Authors: Anas Bennani, Sagal Ibrahim Mohamed.
Introduction: The purpose of the present investigation is to determine the oral effects of regular khat consumption in Djibouti by placing risk factors and symptoms related to consumption as a contribution to the ongoing scientific discourse.
Materials and Methods: A cross-sectional epidemiological survey was carried out on 129 patients consulting in a health center affiliated to the CNSS, located in the capital of the Republic of Djibouti, Djibouti-City from August to October 2017. The support of the survey is a questionnaire including an interview and a clinical examination. The subjects are divided into regular khat consumers (CK) and non-khat consumers (NCK).
Results: Our sample is divided into 48.1% CK and 51.9% NCK. 80.7% of CK and 38.8% of NCK are male. 58.1% of CK and 88.1% of NCKs report a frequency greater than or equal to 2 brushings / day. 62.9% of CK and 4.5% of NCK are tobacco users (CT). 77.4% of CK and 20.9% of NCK are consumers of sweetened beverages.
62.9% of CK and 16.4% of NCKs report symptoms of dry mouth. 38.7% of CK and 16.4% of NCK suffer from TMJ pain. 32.3% of CK and 14.9% of NCK complain of changes in taste perception. 29% of CK and 4.5% of NCK have burning sensations in the tongue or other parts of the oral cavity. 24.2% of CK and 7.5% of NCK report loss of prosthetic restorations and / or strides.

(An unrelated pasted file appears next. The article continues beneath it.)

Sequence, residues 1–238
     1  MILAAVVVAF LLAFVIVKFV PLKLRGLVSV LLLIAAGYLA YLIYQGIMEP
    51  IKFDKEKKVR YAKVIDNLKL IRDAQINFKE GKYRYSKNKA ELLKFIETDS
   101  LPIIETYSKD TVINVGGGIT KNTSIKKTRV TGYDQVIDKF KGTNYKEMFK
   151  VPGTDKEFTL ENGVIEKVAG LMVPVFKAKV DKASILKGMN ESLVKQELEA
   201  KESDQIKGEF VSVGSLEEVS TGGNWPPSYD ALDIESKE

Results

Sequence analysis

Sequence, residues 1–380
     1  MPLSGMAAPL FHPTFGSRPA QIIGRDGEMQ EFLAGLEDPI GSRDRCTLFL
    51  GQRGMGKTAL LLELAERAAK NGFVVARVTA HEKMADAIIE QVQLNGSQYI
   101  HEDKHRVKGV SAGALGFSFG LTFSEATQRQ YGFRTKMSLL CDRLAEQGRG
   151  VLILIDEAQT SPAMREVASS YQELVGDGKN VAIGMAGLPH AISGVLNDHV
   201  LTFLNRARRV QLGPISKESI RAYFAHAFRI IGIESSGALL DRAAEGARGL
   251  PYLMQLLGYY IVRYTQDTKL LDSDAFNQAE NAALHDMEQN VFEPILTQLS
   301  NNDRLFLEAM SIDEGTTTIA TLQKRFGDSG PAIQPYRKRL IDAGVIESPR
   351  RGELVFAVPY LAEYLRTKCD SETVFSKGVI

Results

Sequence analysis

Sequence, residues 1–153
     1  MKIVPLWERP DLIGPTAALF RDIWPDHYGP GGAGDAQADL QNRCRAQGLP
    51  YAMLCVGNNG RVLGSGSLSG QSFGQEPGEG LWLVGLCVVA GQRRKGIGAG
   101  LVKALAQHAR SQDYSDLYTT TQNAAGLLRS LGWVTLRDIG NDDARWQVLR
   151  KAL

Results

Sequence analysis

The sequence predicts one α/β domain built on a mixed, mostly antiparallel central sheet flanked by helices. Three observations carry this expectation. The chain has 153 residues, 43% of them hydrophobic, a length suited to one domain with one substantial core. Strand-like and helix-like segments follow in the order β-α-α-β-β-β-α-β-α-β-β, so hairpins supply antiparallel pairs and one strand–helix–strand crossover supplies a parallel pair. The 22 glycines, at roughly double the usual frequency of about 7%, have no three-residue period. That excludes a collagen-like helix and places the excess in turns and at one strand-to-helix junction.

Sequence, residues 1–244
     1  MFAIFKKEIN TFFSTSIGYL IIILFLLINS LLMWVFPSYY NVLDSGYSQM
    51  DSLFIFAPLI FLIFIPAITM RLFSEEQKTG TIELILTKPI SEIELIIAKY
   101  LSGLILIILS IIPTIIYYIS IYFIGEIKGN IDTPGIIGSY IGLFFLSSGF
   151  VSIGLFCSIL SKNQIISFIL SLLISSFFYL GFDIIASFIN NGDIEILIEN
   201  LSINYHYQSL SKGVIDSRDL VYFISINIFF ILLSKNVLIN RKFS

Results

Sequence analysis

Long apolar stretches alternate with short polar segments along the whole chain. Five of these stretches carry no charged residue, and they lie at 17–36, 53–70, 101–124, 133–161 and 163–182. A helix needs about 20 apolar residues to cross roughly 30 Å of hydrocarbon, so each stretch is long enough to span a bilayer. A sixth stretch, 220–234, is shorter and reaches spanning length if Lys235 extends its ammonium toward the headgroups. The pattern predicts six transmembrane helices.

The plate indices of CK and NCK are 1.6 (+/- 0.13) and 1.4 (+/- 0.13), respectively. The gingival indices of CK and NCK are respectively 1.64 (+/- 0.13) and 1.57 (+/- 0.09).
24.2% of CK and 1.5% of NCK have whitish lesions of leucoplastic appearance. 79% of CKs and 23.9% of NCKs have recessions.
22.6% of CKs and 6% of NCKs suffer from spoiled restorations. 24.2% of CK and 9% of NCK suffer loss of fixed prosthetic
Discussion: Similar to studies in Yemen and Israel, there is a slight predominance of NCKs in our sample. The consumption of khat is also significantly associated with the male sex. A number of articular, mucosal and dental symptoms are significantly associated with khat consumption. Ethiopian, Yemeni and Israeli studies are in agreement with our results.
In agreement with a Yemeni study but in contradiction with a Kenyan study, there is a significant association between khat consumption, poor oral hygiene and increased plaque index. Nevertheless, an association between khat consumption and gingival inflammation is not established.
In agreement with Israeli and Yemeni studies, there is a significant association between khat consumption, whitish mucosal lesions of leucoplastic appearance and gingival recessions. Regular consumption of khat is also significantly associated with the loss of prosthetic and / or striated restorations. Our results are confirmed by a Saudi study.
Conclusion: Regular consumption of khat is significantly associated with a number of oral disorders. Future prevention campaigns should focus on the male population and the concomitant use of tobacco.View/Download pdf